Raising your awareness of these in a curious and non-judgemental approach is a good first step. This allows you to recognise these behaviours, explore why they are there, and then begin to experiment with alternatives.

Motivation and physical symptoms: Just as our automatic thoughts and emotions are a means of communication, our physical symptoms also let us know what is going on. When we respond on natural instinct to a perceived threat, our body prepares to get ready to fight or run away. This can be tension in our muscles, feeling shaky or lightheaded, shallow breathing, butterflies in our stomach, tingling or temperature changes in our hands and feet, racing heart, rush of adrenalin, or a dry mouth. Our body might also naturally enter a Freeze response which would help us hide more effectively from the perceived danger.

If you notice any of these physical symptoms, again in a curious and non-judgemental way, begin to explore what you might be responding to. Using meditations, breathing techniques and gentle stretching you can begin to calm down that physical response and communicate back to your body and mind that there is no imminent danger. Exercising is one way of improving your well-being. Getting active and outdoors can help raise your mood by releasing endorphins, otherwise known as happy hormones. What three small actions could you make to get moving again?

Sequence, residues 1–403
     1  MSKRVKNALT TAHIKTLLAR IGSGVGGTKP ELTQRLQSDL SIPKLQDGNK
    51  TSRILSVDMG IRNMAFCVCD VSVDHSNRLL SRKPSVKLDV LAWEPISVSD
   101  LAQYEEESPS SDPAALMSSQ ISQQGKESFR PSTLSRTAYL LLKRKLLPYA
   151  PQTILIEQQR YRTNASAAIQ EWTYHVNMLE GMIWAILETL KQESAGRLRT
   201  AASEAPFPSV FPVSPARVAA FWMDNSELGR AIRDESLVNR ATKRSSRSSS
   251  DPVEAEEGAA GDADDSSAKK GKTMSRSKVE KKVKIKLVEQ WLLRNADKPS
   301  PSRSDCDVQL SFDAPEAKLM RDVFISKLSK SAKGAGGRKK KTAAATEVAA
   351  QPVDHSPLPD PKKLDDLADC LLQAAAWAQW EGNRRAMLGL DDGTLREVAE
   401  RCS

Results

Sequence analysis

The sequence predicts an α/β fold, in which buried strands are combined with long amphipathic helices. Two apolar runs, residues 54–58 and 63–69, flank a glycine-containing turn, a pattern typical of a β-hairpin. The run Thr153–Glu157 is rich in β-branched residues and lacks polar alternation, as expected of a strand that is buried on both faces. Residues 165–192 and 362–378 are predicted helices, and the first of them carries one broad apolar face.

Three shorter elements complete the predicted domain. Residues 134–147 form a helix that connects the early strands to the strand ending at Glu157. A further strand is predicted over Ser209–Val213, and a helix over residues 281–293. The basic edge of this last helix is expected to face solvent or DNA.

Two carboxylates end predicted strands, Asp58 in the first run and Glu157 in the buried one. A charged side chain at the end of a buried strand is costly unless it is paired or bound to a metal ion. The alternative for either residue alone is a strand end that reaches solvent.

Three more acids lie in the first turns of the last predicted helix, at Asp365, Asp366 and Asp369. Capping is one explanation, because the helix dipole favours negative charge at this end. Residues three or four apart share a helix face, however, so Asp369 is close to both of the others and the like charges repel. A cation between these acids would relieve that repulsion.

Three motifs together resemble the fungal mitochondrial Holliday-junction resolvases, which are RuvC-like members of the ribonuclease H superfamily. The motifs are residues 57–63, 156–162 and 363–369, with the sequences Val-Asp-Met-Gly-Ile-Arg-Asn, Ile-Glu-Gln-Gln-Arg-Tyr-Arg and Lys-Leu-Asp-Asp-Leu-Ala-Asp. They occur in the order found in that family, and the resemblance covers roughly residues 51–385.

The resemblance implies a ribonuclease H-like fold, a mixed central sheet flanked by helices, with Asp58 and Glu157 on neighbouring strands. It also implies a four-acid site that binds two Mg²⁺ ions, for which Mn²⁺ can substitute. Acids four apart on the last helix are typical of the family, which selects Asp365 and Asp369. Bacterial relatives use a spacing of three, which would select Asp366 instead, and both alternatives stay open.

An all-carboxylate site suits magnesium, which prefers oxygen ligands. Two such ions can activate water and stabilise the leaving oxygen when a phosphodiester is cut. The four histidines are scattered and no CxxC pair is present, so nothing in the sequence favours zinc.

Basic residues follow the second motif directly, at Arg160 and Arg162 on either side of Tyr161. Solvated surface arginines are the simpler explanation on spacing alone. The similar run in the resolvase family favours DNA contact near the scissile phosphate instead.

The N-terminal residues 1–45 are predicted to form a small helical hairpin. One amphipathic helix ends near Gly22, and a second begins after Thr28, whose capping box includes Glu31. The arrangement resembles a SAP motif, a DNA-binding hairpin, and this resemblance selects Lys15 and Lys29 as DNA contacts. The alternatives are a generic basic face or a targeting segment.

Working with a therapist can help you increase your awareness of unhelpful thoughts and behaviours, and how they are impacting negatively on your life. This process then allows you to challenge those thoughts and behaviours so that you can create more balanced and positive changes in your self-care.

CBT itself is short-term, working towards goals for positive change. The techniques you learn will support you going forward in reducing the impact anxiety and feelings of overwhelm has on your life.

If you would like to talk more about how CBT can help you, please contact me at or use the contact form at the bottom of my home page.

Moorey, S. (2010). The six cycles maintenance model: Growing a “vicious flower” for depression. Behavioural and cognitive psychotherapy